Oddities and old sayings of the English language

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The English language has many old sayings, which are still used in everyday life. I wonder if other languages have similar quirks?

Here’s a few examples. For instance, do you know why people who were very poor were called “dirt poor”? Well, they were called this because they had earth floors in their homes.

Poor people in years gone by would sell there urine to the local tannery to be used for curing leather. They would carry this to the tannery in a pot. If someone was even poorer than these unfortunate souls and they couldn’t even afford a pot they were described as that poor they don’t even have a pot to pee in!

Where did the name for an entrance to a home, “threshold” come from? Simples, poor people, richer than the “dirt poor” though, covered their floors with “thresh”, a piece of wood was nailed at the bottom of the door frame to stop the “thresh” spilling out... hence “threshold”.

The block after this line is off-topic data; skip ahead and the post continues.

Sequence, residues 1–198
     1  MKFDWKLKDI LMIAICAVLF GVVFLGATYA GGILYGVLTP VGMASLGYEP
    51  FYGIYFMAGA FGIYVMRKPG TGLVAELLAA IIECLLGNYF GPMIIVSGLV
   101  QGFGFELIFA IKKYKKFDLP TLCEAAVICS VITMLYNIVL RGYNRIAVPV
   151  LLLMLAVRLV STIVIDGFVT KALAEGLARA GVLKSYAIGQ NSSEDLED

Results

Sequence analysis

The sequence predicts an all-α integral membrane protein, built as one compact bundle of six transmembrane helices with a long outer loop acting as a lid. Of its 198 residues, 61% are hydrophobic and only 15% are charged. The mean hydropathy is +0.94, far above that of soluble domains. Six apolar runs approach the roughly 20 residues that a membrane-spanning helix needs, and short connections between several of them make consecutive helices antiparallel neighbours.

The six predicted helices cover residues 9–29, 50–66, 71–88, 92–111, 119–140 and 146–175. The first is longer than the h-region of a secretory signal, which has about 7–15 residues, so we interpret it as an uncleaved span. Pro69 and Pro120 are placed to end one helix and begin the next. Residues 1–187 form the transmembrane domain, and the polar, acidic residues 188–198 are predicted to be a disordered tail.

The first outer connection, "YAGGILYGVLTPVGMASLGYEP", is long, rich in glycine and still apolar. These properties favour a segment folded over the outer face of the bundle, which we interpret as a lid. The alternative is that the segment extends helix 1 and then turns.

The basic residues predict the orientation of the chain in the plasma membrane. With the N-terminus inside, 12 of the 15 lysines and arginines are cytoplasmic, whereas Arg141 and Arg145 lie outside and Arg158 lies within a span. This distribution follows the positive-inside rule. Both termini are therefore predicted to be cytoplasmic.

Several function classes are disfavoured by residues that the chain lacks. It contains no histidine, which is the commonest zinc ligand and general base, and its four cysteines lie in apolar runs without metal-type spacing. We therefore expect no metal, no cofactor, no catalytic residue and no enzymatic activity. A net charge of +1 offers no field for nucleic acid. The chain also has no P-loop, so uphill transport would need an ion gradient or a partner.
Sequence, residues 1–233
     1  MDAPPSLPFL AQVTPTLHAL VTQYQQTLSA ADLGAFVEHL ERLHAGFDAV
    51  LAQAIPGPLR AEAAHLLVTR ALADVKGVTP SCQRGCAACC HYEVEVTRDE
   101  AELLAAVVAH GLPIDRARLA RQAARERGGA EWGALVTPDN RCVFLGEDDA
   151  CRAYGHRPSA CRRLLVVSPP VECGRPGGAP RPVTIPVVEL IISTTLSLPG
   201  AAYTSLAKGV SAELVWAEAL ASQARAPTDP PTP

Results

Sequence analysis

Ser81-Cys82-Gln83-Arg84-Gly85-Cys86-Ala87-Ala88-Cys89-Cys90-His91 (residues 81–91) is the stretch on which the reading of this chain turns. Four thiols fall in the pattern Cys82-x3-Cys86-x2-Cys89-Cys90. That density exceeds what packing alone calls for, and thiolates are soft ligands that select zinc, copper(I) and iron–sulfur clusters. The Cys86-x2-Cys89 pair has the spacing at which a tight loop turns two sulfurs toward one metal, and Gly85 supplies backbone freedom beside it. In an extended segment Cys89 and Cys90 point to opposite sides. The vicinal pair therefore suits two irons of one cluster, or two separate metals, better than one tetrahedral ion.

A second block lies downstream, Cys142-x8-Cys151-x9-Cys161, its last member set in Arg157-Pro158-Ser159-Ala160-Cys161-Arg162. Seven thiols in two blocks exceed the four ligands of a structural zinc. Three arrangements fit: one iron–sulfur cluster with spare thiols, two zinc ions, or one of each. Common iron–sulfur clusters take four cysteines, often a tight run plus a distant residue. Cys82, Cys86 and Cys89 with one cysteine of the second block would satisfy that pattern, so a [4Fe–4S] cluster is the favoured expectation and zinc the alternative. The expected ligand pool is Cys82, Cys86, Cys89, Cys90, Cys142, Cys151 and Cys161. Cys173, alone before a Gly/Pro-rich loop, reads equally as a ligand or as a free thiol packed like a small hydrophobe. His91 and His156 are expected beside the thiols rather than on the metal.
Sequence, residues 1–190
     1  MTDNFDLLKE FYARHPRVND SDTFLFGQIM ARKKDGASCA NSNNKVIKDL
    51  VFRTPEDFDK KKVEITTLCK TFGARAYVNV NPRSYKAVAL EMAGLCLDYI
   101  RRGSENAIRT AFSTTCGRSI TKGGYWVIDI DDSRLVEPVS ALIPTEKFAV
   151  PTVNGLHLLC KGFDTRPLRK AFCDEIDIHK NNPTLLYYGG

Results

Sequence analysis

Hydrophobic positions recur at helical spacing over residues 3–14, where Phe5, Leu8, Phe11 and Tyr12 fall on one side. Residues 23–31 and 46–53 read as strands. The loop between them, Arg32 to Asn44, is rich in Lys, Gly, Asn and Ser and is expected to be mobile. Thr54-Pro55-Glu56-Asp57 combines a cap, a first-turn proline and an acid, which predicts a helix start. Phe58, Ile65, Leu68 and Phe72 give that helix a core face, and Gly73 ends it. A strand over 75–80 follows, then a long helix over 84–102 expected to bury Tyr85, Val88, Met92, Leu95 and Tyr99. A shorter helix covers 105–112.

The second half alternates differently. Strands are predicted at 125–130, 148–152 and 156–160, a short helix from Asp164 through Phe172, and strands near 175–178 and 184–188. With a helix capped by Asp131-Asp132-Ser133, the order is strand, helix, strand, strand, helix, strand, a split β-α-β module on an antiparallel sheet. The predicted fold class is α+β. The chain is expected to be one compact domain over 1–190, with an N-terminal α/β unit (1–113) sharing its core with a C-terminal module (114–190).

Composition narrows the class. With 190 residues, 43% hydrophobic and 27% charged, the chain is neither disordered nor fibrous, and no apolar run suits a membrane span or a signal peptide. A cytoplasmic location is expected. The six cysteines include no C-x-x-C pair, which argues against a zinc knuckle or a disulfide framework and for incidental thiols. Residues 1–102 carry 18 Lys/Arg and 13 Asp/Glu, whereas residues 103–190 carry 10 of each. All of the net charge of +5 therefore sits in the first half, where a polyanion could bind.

Many homes had thatched roofs, which became a comfy bed for the local cats and dogs. However, when it rained heavily the thatch became slippery and the animals would slide off. Raining cats and dogs?

Now, death! A “wake” was literally that. Medical expertise wasn’t what it is these days and sometimes people were buried alive by mistake, only to come around to find themselves in a coffin.

So the “dead” were laid out for a period just in case they came around, or woke up. There you have it, “a wake”.

But what if they were buried alive, which happened more than we realise. Exhumed old coffins regularly had scratch marks on the inside. So some sage decided to fit a tube down to coffins, inside this a rope and at the top a bell. If the “deceased” did come around they would ring the bell. When someone was identified as looking very much like someone else they were said to be a “dead ringer”. In other words, reincarnated, of sorts.

Frank Sidney

Sheffield